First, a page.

3. Mining epilepsy surgery data to assist epilepsy diagnosis and develop next-generation neuromodulation devices

150 150 Techna Symposium

David M. Groppe 1, Gerard O’Leary 2, Victoria Barkley 1, Richard Wennberg 3, Esther Bui 3, Peter Tai 3, Aylin Reid 3, Danielle Andrade 3, Martin Del Campo 3, Roman Genov 2, Taufik A. Valiante 1,3

1 Computational Neuroscience, Krembil Research Institute
2 Electrical & Computer Engineering, University of Toronto
3 Toronto Western Hospital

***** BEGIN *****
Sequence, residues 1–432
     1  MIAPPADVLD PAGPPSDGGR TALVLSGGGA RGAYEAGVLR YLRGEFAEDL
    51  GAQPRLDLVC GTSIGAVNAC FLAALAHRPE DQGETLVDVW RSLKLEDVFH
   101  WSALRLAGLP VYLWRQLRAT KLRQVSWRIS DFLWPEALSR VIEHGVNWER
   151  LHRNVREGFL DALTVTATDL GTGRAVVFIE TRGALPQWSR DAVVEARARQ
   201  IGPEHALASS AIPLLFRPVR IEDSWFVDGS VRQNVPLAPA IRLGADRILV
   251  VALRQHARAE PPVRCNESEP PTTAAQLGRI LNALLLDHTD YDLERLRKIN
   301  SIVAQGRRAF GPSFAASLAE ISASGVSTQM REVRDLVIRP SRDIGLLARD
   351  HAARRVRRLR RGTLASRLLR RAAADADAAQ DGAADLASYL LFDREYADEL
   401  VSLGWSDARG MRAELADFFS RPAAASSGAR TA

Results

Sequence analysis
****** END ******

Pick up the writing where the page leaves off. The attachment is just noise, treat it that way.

Surgically removing seizure generating brain regions is the most effective way of preventing seizures in patients with focal, drug resistant epilepsy. Identifying these brain regions typically entails acquiring a vast amount of different kinds of data (e.g., 10-30 days of continuous intracranial EEG recordings with simultaneous video; brain MRI and CT scans). Interpreting these data is done manually, is labor intensive, and requires unique clinical expertise. The scale and diversity of data make epilepsy surgery an ideal target for AI in many ways. For example, computer vision can be used to analyze video of patients and brain scans, supervised and unsupervised learning of time series data can identify brain states/regions of interest from the EEG data, and reinforcement learning can be used to stimulate the brain to prevent seizures. Our lab has been leveraging the power of AI to develop novel anti-seizure devices and assisted diagnosis software. Here we present a summary of (1) the clinical data we have archived, (2) software we have developed for data visualization/AI-aided expert annotation, (3) an implantable machine learning-accelerated chip for brain state classification and control that we have created, and (4) our ongoing clinical trial of the chip for seizure control at Toronto Western Hospital. Analysis of archived data suggests that our chip should significantly outperform the current clinically approved responsive brain stimulator for seizure control.